The United States has always been known for sticking their nose in places where it does not belong. America has been part of wars that could have been avoided, scandals that had nothing to do with the United States. Millions of lives over the years could have been spared if America would have just simply stayed where they belong. What if though, America feels like they have to get involved in forging affairs if they think it can cause or is causing a problem on American soil or with the Americans themselves? Human trafficking is issues that most people do not necessarily knows about or even really think about. There are several different types of human trafficking and smuggling crimes that are in today's society. The number one kind of human trafficking is sex trafficking. The handlers usually kidnap someone, ninety percent of the time, a girl under the age of eighteen, and sell them to different people all over the world for sexual reasons. The girls they kidnap and sell can be from the area or just passing through and get in the wrong place at the wrong time. Forced labor is the second most common type of human trafficking in the world. This is where a person takes advantage of a worker and changes labor laws to make them work longer hours or harder, more tiring jobs with very little pay. Victims of forced labor most of the time do not even know what is happening to them. Most of the people that get sucked into the forced labor trade are very vulnerable;
Human trafficking is an issue that no one really wants to talk about. The media portrays this horrible crime as something that only happens in foreign lands. Americans do not want to believe that something so heinous could happen on our own soil. However when survivors of human trafficking come forward, people are forced to confront the reality that this issue is not that far from home. Some individuals still choose to deny that this is a real issue. However the facts make it extremely hard to deny that human trafficking happens on American soil.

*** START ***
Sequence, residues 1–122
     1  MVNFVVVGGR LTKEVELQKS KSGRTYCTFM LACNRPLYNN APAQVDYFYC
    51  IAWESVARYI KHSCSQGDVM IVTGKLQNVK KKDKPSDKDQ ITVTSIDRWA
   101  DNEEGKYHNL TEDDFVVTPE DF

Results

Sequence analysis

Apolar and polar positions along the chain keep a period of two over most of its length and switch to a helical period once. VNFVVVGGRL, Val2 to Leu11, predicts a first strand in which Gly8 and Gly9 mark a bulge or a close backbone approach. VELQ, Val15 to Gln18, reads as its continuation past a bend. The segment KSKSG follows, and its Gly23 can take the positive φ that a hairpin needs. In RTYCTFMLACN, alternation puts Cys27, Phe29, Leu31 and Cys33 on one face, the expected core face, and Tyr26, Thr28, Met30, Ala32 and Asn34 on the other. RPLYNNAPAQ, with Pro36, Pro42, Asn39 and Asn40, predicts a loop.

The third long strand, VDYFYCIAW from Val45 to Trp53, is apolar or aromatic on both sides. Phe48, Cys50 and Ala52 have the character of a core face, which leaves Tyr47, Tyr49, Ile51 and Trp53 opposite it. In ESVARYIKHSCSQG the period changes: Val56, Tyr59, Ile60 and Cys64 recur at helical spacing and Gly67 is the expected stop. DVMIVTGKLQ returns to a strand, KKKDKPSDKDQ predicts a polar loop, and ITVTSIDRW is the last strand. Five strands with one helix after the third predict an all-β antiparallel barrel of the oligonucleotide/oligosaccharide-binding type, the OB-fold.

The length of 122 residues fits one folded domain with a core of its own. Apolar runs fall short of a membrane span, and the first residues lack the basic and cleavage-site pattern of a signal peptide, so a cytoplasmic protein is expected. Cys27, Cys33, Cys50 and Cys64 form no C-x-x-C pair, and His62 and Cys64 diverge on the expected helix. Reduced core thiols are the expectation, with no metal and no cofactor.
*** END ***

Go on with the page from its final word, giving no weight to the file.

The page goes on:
What exactly is human trafficking? We have all heard of it, but what actually is it. It’s a modern form of slavery. It involves controlling a person through force, fraud, or coercion to exploit the victim for forced labor, sexual exploitation, or both. It strips victims of their freedom and violates our nation’s promise that every person in the U.S. is guaranteed basic human rights. This is a crime (Beccera). Sadly, the United States is widely regarded as a destination country for human trafficking. According to the federal reports, nearly 14,500 to 17,500 victims are trafficked in the United States annually. That doesn’t even include the number of victims that are trafficked WITHIN the United States. If you are looking for a defined definition of human trafficking, California legislatures states it as being “ALL acts involved in the recruitment, abduction, transport, harboring, transfer, sale or receipt of persons, within national or across international borders, through force, coercion, fraud or deception, to place persons in situations of slavery or slavery like conditions, forced labor or services, such as forced prostitution or sexual services, domestic servitude, bonded sweatshop labor, or other debt bondage.” (Beccera) This is a crime that needs to come to an end.
Human trafficking doesn’t happen in third world countries only. It doesn’t just happen to poor people and it certainly doesn’t solely happen to women. It is present here in the USA but it is hidden, and even worse, so are their victims. They are everywhere yet invisible. They are silently crying for our help through their eyes and smiles. According to Polaris, “…the prevalence of sex trafficking in the United States is still unknown, we do know that women, children, and men are being sold for sex against their will in cities and towns in all 50 states”. Human trafficking can happen to anyone even to Theresa Flores, the author of “The slave across the street”(“Sex trafficking” 2015). An average 15 year old American girl, coming from a privileged background and a respected family became a victim of sex trafficking and through her book, she convinces us that human trafficking doesn’t have a specific demographic.
Freedom is an undeniable right that this Country was founded upon. Yet even today, the ongoing practice of human trafficking continues on a disturbingly large scale. Well said by the President, “It ought to concern every person, because it’s a debasement of our common humanity. It ought to concern every community, because it tears at the social fabric. It ought to concern every business, because it distorts markets. It ought to concern every nation, because it endangers public health and fuels violence and organized crime. I’m talking about the injustice, the outrage, of